“At what hour did he come on board?”

“At a little after midnight.”

“In the dead of the night. Was he the only passenger who came on board at that untimely hour?”

“He happened to be the only one.”

“Never mind about ‘happening,’ Mr. Lorry. He was the only passenger who came on board in the dead of the night?”

“He was.”

“Were you travelling alone, Mr. Lorry, or with any companion?”

“With two companions. A gentleman and lady. They are here.”

“They are here. Had you any conversation with the prisoner?”

“Hardly any. The weather was stormy, and the passage long and rough, and I lay on a sofa, almost from shore to shore.”

“Miss Manette!”

The young lady, to whom all eyes had been turned before, and were now turned again, stood up where she had sat. Her father rose with her, and kept her hand drawn through his arm.

“Miss Manette, look upon the prisoner.”

To be confronted with such pity, and such earnest youth and beauty, was far more trying to the accused than to be confronted with all the crowd. Standing, as it were, apart with her on the edge of his grave, not all the staring curiosity that looked on, could, for the moment, nerve him to remain quite still. His hurried right hand parcelled out the herbs before him into imaginary beds of flowers in a garden; and his efforts to control and steady his breathing shook the lips from which the colour rushed to his heart. The buzz of the great flies was loud again.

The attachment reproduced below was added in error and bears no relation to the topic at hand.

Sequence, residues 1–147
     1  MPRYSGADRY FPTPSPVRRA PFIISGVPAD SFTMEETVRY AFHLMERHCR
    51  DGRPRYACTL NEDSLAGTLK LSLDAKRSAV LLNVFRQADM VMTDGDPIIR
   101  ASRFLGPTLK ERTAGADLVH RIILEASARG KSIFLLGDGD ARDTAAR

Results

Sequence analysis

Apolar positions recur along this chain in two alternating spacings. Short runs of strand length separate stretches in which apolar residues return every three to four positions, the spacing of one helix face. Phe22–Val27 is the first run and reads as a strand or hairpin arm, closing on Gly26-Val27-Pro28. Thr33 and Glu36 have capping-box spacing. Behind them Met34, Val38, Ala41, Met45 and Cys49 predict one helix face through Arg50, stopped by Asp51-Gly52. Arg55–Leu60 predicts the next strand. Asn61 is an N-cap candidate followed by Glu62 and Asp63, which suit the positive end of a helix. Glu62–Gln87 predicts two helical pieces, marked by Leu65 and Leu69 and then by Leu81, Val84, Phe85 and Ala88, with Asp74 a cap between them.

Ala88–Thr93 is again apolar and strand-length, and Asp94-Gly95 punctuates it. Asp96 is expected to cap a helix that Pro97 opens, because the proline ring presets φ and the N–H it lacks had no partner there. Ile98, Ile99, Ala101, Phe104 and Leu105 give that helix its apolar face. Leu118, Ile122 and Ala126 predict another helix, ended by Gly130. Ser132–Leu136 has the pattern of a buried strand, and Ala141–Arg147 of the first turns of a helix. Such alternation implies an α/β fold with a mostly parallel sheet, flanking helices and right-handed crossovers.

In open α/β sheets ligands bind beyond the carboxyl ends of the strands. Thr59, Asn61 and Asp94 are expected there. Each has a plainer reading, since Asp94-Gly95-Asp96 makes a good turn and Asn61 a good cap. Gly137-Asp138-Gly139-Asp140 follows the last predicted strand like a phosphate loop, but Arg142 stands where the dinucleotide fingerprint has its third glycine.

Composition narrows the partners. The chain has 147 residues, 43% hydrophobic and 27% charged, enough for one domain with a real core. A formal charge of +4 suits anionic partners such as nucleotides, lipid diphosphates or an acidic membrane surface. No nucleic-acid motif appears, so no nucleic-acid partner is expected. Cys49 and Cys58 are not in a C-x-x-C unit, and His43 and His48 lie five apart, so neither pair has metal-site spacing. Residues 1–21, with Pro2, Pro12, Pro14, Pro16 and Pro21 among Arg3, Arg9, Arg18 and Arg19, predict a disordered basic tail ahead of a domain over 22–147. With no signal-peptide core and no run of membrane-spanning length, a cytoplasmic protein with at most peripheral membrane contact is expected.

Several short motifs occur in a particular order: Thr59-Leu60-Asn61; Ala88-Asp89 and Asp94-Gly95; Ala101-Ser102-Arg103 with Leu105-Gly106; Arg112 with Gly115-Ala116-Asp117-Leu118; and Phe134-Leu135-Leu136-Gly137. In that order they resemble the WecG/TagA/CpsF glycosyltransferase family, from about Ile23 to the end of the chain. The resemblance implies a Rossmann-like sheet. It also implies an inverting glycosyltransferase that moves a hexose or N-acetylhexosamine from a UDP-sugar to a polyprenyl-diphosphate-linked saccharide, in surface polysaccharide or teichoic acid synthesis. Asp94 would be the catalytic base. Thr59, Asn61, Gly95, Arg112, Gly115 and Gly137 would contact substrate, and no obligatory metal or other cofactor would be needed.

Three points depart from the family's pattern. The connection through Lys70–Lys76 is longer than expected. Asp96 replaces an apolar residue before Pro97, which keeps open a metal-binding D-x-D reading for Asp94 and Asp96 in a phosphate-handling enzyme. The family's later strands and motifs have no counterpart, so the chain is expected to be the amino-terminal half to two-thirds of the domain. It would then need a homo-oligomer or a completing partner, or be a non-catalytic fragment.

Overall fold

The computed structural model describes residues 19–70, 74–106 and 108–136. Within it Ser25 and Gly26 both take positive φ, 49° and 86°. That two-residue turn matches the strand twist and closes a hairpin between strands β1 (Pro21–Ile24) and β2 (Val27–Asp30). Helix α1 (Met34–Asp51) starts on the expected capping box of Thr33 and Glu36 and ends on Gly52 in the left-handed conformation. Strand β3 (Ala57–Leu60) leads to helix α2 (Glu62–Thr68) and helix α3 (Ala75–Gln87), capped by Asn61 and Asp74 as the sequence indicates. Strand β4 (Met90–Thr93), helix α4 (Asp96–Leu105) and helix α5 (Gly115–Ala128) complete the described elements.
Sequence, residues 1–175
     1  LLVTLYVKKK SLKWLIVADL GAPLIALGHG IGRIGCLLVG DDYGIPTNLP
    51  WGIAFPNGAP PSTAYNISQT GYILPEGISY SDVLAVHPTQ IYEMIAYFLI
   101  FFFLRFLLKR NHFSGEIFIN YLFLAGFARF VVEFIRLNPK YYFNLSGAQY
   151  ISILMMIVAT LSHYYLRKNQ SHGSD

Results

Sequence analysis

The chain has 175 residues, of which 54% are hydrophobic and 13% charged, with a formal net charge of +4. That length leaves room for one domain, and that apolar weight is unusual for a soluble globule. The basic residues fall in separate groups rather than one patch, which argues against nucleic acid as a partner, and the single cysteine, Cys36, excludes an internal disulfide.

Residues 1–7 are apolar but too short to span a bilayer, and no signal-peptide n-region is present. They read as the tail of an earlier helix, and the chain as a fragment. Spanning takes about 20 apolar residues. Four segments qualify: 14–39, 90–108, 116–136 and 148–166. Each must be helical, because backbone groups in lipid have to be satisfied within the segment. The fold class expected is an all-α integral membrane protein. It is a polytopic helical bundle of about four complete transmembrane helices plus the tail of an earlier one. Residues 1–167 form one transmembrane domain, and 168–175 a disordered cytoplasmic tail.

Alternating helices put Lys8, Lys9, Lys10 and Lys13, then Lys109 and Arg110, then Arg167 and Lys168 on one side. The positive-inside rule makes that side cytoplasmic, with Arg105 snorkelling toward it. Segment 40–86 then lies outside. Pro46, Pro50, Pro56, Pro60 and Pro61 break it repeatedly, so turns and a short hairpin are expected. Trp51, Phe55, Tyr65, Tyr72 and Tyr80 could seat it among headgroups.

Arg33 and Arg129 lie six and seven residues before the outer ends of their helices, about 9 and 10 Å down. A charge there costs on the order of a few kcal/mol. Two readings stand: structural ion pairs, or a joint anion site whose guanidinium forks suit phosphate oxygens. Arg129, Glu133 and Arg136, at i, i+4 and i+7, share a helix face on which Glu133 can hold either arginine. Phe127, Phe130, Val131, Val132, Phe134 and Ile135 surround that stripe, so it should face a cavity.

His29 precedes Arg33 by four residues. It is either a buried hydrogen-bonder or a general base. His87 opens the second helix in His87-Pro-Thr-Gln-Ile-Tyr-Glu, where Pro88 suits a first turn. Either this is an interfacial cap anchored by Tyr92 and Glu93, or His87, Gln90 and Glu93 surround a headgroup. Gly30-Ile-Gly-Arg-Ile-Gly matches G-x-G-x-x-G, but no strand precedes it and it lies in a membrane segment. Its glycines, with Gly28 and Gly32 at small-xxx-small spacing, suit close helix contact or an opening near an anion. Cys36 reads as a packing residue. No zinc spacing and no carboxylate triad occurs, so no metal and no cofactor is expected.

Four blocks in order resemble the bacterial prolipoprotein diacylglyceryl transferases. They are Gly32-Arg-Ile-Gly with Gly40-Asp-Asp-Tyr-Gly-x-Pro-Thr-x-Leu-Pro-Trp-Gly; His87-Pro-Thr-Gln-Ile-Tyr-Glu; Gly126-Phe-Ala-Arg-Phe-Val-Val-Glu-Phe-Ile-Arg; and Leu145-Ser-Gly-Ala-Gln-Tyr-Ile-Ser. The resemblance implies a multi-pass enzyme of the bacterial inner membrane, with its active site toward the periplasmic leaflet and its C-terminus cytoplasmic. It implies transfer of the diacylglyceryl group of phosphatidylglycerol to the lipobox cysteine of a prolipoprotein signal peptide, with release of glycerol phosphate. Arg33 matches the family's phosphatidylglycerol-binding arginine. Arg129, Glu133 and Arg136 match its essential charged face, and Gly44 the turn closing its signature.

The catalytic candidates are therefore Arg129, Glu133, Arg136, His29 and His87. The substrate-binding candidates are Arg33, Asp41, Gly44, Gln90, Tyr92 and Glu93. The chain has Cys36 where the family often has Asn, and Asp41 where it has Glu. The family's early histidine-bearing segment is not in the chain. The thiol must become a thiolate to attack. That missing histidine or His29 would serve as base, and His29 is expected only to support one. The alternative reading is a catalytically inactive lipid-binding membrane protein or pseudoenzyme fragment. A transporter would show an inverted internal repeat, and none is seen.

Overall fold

“Miss Manette, have you seen the prisoner before?”

“Yes, sir.”

“Where?”

“On board of the packet-ship just now referred to, sir, and on the same occasion.”

“You are the young lady just now referred to?”

“O! most unhappily, I am!”

The plaintive tone of her compassion merged into the less musical voice of the Judge, as he said something fiercely: “Answer the questions put to you, and make no remark upon them.”

“Miss Manette, had you any conversation with the prisoner on that passage across the Channel?”

“Yes, sir.”

“Recall it.”

In the midst of a profound stillness, she faintly began: “When the gentleman came on board—”

“Do you mean the prisoner?” inquired the Judge, knitting his brows.

“Yes, my Lord.”

“Then say the prisoner.”

“When the prisoner came on board, he noticed that my father,” turning her eyes lovingly to him as he stood beside her, “was much fatigued and in a very weak state of health. My father was so reduced that I was afraid to take him out of the air, and I had made a bed for him on the deck near the cabin steps, and I sat on the deck at his side to take care of him. There were no other passengers that night, but we four. The prisoner was so good as to beg permission to advise me how I could shelter my father from the wind and weather, better than I had done. I had not known how to do it well, not understanding how the wind would set when we were out of the harbour. He did it for me. He expressed great gentleness and kindness for my father’s state, and I am sure he felt it. That was the manner of our beginning to speak together.”